Tuesday, November 07, 2006

I Like The "I Voted" Stickers...

My theme for this year’s election is borrowed from Nancy Reagan and is: “Just Say No.” Hopefully my usage of that trilexical slogan is less “head in the sand and pretend it doesn’t exist” than her usage of it was. 80s Flashbacks aside, the issue all the pundits seem to focus on is that Election 2006 is a mid (second) term report card for Bush and Co.; that a Democratic takeover is a bookend to the Republican “revolution” of 1994 (which, ironically enough was based on the idea of a smaller Federal government…boy did they screw that promise up).

The polls say at the very least, the House goes from Red to Blue. But me, I don’t really trust the polls. A lot o f them seem to be of the general “do you prefer Democrat or Republican?” and on probably most of the ballots, actual people with names will be used instead. Joe Six-pack may hate George W., but have an absolute man-crush on his local Congressman, who just might be a Republican. Obviously, the big worry here is that the polls turn out completely wrong, and Bush takes the slim congressional majority as a clear sign of yet another mandate of the people for him to go carte blanche and ignore the Bill of Rights even more in his final two years.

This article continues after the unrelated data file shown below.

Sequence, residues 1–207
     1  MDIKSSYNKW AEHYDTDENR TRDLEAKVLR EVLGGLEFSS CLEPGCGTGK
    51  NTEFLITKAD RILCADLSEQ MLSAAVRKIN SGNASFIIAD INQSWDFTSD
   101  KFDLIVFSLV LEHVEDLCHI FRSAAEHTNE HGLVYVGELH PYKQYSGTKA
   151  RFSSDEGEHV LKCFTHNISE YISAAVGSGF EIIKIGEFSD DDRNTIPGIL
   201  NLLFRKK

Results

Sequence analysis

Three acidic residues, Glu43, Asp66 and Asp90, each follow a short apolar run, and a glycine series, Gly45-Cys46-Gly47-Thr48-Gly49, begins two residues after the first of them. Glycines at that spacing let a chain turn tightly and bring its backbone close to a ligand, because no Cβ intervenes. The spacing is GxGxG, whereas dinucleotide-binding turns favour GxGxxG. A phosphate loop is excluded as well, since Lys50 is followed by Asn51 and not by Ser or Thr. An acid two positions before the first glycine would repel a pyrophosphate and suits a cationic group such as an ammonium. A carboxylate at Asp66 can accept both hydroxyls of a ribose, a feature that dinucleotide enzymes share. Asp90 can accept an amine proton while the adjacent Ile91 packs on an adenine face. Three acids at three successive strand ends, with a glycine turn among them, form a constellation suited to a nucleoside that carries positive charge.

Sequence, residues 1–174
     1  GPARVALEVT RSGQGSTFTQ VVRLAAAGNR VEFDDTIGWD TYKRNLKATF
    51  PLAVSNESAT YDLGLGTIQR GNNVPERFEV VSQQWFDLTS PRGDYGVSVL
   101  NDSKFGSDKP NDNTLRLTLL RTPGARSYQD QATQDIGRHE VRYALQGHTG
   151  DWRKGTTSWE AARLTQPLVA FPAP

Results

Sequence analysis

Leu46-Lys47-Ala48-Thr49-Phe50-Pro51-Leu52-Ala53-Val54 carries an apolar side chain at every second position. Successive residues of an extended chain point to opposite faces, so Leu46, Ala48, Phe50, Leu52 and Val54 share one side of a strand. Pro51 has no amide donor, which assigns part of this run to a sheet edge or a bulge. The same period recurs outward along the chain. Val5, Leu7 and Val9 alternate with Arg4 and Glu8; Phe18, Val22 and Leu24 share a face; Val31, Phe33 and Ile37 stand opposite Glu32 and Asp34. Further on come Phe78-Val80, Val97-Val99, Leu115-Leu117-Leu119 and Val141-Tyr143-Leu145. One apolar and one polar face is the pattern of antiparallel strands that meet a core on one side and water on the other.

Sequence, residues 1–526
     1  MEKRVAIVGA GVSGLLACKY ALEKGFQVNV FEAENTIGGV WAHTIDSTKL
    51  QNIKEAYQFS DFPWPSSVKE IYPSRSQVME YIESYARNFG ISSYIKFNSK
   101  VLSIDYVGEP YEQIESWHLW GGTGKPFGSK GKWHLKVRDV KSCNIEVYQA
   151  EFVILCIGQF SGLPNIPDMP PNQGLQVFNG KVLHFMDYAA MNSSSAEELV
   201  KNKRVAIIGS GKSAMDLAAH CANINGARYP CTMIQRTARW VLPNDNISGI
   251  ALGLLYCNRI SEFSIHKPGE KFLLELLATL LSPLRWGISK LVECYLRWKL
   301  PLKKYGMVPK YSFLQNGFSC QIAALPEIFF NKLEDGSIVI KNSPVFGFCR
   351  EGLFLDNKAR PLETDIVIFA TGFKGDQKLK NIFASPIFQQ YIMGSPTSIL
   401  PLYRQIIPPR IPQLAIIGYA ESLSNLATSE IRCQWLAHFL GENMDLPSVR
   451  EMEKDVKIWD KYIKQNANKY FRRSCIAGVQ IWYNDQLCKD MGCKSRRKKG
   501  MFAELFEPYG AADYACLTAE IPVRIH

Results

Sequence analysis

For all the right-wing “leftist media conspiracy” talk about how coverage of the leader of the Evangelical Council just happened to have multiple trysts with someone of his same gender and not his wife is a nefarious plot to keep the Religious Right from voting, it’s still pretty much just talk. And pretty insubstantial talk at that. If there was a media conspiracy, they’d be smart enough to know that the vast majority of that voting bloc isn’t about to vote Democratic, as they by-and-large see the whole party as Godless heathens, and you can’t trust Atheists to establish a theocracy.

The best case is that the House and Senate go blue, the likeliest outcome is that the House turns. I’d say slim Democratic control of both would be a great outcome. Democratic control would block most of Bush’s attempts to expand the Executive branch’s power, and possibly even scale it back, while between Republican filibusters (oh the irony possible there) and Bush’s sudden discovery of veto power could result in a glorious two years where the Federal government basically does nothing. If, like me, you think the government hasn’t really done anything good with the trillions of tax-dollars collected lately, a government that gets nothing done is a breath of fresh air.